Just got a job with what I think is reasonable equity but I know we're raising more capital soon. How should I discuss how my options are diluted over time?
Possibly a bit obvious, but it might be worth considering what constitutes a 'bad deal' in the context of Tim's original post. I'd expand this into a 2-part concept and suggest that you want to be confident that the leadership of the company can (a) use the investment raised to create value and (b) negotiate to realise that value in subsequent investment rounds.
To protect the value of your stake,you want to be sure that the pre-money value of each investment round is greater than the post-money value of the previous round (not just pre-money to pre-money).
In the example above (assuming +4 friends!)at the completion of the first investment round the investor has 250 shares and the 5 founders have 100 shares each, all valued @ $1.
If you're a founder, your stake is worth (on paper, at least) $100.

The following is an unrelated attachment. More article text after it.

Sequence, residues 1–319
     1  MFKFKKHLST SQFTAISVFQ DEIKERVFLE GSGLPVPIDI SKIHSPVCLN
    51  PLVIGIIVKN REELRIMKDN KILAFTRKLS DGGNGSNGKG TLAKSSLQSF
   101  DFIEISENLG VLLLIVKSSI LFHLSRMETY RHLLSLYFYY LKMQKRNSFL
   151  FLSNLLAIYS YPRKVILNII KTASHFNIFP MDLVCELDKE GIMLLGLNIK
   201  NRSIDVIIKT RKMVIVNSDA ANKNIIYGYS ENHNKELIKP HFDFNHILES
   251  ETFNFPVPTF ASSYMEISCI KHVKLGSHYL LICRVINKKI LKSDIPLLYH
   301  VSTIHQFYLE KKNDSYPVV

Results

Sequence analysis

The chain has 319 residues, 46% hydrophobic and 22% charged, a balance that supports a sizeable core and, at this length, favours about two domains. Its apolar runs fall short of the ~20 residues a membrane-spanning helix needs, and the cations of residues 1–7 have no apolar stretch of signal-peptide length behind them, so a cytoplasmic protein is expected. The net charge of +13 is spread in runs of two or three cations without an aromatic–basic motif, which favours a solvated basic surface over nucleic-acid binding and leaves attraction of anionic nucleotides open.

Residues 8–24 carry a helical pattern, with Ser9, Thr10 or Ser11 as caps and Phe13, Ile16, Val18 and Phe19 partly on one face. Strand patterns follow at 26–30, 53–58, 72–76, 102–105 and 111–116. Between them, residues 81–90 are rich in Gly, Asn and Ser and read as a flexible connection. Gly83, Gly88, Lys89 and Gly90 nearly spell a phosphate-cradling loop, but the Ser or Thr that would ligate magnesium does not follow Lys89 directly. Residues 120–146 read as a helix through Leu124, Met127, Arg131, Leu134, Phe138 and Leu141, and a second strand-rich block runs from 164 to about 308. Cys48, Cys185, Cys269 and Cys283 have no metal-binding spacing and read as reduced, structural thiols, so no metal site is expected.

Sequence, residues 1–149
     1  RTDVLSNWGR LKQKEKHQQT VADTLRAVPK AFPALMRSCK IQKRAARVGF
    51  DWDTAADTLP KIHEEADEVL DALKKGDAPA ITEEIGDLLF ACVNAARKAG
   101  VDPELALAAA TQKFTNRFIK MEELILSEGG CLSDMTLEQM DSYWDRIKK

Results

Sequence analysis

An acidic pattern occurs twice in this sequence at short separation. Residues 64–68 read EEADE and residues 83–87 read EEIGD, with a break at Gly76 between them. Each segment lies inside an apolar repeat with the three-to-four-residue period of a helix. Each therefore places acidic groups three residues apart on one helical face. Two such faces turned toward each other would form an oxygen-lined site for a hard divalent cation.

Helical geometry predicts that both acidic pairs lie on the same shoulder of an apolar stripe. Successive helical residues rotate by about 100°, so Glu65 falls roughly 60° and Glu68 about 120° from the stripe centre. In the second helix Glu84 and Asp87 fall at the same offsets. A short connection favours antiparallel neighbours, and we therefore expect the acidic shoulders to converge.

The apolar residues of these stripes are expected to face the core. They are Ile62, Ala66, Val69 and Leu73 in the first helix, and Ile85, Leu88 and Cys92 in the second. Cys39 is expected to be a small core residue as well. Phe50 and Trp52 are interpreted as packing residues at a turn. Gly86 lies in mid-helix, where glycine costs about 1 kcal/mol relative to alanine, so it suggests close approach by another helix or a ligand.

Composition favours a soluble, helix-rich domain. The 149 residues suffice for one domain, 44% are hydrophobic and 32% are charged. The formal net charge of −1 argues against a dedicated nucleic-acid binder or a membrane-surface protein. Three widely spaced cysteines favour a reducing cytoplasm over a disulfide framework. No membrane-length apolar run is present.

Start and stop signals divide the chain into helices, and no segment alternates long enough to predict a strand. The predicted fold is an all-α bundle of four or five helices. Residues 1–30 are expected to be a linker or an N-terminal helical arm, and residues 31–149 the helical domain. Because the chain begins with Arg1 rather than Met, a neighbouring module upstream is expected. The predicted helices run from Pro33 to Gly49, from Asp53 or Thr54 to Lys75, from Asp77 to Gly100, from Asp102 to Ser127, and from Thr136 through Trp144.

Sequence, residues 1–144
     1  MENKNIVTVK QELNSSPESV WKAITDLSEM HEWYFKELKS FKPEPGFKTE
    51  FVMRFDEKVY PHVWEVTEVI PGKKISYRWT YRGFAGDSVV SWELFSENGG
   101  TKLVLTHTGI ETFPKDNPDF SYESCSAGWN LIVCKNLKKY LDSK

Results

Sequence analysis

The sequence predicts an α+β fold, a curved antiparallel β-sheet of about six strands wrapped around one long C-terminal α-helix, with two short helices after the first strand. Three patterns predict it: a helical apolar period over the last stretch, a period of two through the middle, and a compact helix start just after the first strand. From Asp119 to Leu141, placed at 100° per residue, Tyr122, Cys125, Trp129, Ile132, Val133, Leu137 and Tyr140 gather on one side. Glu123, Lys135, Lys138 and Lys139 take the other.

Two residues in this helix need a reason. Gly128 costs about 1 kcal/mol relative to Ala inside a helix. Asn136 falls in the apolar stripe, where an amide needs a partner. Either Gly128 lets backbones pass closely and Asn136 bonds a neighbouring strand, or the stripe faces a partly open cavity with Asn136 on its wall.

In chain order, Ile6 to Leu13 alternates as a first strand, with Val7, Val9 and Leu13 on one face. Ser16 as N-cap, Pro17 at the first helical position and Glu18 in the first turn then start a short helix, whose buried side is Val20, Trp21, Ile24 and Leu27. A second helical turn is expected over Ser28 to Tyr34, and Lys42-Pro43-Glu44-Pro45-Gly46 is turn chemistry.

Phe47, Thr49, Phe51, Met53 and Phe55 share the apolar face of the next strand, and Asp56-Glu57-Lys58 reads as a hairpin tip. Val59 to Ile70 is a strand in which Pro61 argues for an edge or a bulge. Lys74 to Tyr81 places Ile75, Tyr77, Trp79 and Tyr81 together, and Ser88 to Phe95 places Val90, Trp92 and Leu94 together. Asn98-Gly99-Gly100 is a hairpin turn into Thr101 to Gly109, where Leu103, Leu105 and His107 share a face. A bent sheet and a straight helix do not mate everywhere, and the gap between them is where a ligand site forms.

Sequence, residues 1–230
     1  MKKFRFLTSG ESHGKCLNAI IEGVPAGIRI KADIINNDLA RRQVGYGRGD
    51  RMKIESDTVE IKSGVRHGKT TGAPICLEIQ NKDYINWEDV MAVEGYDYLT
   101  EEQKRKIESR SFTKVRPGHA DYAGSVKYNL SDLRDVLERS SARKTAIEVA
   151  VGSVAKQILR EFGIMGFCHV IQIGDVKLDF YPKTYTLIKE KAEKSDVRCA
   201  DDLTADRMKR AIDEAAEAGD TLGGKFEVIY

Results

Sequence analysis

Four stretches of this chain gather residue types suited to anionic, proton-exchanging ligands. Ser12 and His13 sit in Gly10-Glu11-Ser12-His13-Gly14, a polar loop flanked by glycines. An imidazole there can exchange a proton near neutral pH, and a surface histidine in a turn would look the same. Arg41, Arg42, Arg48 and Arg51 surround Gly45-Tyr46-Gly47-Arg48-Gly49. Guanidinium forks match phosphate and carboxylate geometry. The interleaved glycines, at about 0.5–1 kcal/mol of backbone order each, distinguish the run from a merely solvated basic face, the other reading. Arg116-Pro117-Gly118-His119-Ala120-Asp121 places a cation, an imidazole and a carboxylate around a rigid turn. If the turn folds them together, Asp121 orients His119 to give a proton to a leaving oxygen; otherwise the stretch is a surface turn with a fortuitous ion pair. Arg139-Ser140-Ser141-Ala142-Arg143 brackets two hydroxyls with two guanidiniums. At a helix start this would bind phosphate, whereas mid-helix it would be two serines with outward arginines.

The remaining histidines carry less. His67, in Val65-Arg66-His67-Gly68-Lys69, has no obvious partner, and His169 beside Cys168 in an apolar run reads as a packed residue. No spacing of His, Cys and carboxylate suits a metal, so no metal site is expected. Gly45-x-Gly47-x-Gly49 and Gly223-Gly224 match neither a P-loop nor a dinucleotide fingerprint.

Now assume that you need to raise $500 to fund the next stage of growth.
Let's say that you find an investor who's willing to fund that at a pre-money value of $1125 - i.e. a share price of $1.50 * the 750 shares then in issue.
Now your stake as a founder has fallen from 13% to 8%, but your 100 shares are worth $150. The first investor is diluted from 33% to 20%, the new investor has a 40% stake and the company has a post-money value of $1625.
Hence the need to see a steady increase in value from the post-money value of each round to the pre-money value of the next, which also gives an indication of the efficiency of the company in converting investment capital into value.
So in and of itself, dilution is not necessarily a problem,although it can be an issue where a shareholder or group of allied shareholders are diluted past a control threshold.
It is worth noting that in practice many companies have preference shares in their capital structures, and these can have a very significant impact on the returns to ordinary shareholders in a liquidation event.